As always, already, at 3:45 p.m. Wednesday afternoon, Gallatin Pike at Eastland Avenue was semi-gridlocked with school traffic. Just around the corner, though, at 1034 West Eastland Ave., home to Edgefield Hospital, the Nashville Rehabilitation Hospital and now partly occupied by a small inpatient facility run by the Mental Health Cooperative of Middle Tennessee, the universe felt serene and orderly.
Alas, the bucolic-meadow charms of the mostly vacant ex-hospital turned home for the mentally ill may soon give way to something else entirely: a hardscrabble miniature-fourth-world of makeshift tents and knife fights, a nightly orgy of depravity illuminated by barrel fire and fueled by rubbing alcohol, jug wine and the unrelenting commitment to spoil family fun.
To be fair, that exaggerated image isn’t precisely the one nearby property owner John Stevenson — owner of the American Professional Building, a two-story shopping complex, and, within the building, Steve’s Restaurant, at the corner of Eastland and Gallatin, right next to the hospital — conjures in his newly minted campaign to stop a local nonprofit from purchasing the hospital building and, perhaps, adding a working kitchen and some temporary housing for the homeless. But it’s not far.
“FUTURE HOMELESS CAMPGROUND,” with an arrow pointing to the hospital, go the banners Stevenson’s affixed to a Grove ManLift aerial work platform in a parking lot he owns across the street from the hospital building. The signs even list potential developer Hsing Liu’s personal cell phone number, encouraging people to give him a call. Turning it into a campground is, of course, not anywhere to be found in Liu’s proposal. Still, Stevenson insists that it’s inevitable.
Campaign of one?
When Stevenson started to hear rumors last week that someone was negotiating the purchase of the building from its current owner, PSI, he checked it out at Metro Codes. Liu, of Antioch, is a board member of a number of area nonprofits, including American Idol cast member Danny Gokey’s Sophia’s Heart Foundation, the organization behind the Antioch Relief Center, which provided temporary housing to displaced flood victims this year.
Liu, on behalf of Sophia’s Heart, had inquired with Metro Codes about the building’s zoning, asking if it could be used for a number of purposes, not merely the homeless housing Stevenson is so focused on. In a memo, Liu — who did not respond to several interview requests — sent to codes, he wrote that he represents a nonprofit organization (Sophia’s Heart) “that is considering plans to do two things: continue providing certain services [provided by the Mental Health Cooperative] and to expand those services.”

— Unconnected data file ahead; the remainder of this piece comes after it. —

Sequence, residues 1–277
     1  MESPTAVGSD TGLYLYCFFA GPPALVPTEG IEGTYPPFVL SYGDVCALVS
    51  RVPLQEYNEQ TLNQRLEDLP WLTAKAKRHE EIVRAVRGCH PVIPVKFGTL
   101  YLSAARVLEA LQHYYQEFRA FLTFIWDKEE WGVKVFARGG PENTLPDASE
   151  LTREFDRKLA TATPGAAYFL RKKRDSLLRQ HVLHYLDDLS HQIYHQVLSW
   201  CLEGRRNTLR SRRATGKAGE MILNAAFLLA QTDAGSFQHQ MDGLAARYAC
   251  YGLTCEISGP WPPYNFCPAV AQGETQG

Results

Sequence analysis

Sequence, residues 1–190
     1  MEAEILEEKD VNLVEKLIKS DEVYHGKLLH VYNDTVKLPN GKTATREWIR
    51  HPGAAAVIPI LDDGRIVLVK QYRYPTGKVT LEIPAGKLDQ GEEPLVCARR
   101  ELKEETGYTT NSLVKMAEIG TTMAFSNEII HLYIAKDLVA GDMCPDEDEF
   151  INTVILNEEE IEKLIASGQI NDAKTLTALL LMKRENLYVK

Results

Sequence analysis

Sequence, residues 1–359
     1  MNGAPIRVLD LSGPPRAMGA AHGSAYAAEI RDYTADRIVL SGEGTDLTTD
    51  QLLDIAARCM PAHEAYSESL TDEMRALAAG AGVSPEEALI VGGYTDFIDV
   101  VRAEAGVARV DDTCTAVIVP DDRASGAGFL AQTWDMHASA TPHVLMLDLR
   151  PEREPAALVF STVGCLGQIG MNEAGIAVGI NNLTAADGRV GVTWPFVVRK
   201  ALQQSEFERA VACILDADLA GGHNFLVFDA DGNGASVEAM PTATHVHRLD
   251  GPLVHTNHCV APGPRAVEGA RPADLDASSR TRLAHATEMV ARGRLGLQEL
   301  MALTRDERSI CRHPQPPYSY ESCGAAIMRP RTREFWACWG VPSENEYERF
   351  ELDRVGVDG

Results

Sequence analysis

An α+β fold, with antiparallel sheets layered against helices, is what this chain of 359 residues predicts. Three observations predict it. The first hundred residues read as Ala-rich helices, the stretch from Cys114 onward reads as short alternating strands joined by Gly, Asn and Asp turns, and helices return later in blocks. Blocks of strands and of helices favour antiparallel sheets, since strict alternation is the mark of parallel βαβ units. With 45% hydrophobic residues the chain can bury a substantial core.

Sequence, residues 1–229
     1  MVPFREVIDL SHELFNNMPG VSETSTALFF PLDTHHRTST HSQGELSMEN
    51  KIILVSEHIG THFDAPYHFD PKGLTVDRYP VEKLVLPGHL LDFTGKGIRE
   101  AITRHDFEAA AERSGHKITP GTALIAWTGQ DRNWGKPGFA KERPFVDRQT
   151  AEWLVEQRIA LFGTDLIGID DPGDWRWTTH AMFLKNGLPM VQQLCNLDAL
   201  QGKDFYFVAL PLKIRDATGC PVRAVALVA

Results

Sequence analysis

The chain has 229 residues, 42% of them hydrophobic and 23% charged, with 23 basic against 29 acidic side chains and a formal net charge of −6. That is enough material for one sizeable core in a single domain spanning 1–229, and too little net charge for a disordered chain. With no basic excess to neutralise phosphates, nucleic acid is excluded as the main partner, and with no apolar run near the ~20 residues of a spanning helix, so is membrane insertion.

Judging by the memo, the shelter is only a very small part of a much larger charitable project.
Liu’s memo goes on to bullet-point the additional services, including overnight housing and food preparation for a small group (10-20) of overnight homeless guests, meal preparation for up to 200 (dining off premises), a space to receive food and clothing donations, a community center for children’s activities, and classrooms for computer and life-skills training.
Stevenson found out that existing zoning did allow for such a project, and if purchased, it would likely go through if he didn’t do what every property owner who’s ever found himself NIMBY-ed up against a proposed homeless shelter. He started a website (www.saveoureastneighborhood.com) and began circulating a petition. He also put up the banners across the street.
“It’s going to destroy our entire neighborhood. I have a parking lot over there [across Eastland Avenue from the hospital], and occasionally I’ll have a homeless person out there that I’ll have to run out, but it’s going to turn into a homeless campground,” he said in a phone interview. “They’re going to be wandering around everywhere, all up in our city streets that we’ve worked hard to clean up.”
Later, during an interview on the balcony at Steve’s, which overlooks the roof of the hospital, Stevenson expanded on his concerns.
“Am I going to have to have an armed guard over there?” he said. When asked if characterizing the proposal as a future “campground” so early on, well before the scale of the project, which isn’t even a project yet, was fair, or merely a scare tactic, he said that it would be inevitable. “What do you call it when someone is sleeping under your carport? … They’re proposing this, but what’s actually going to happen is it’s going to be a campground.”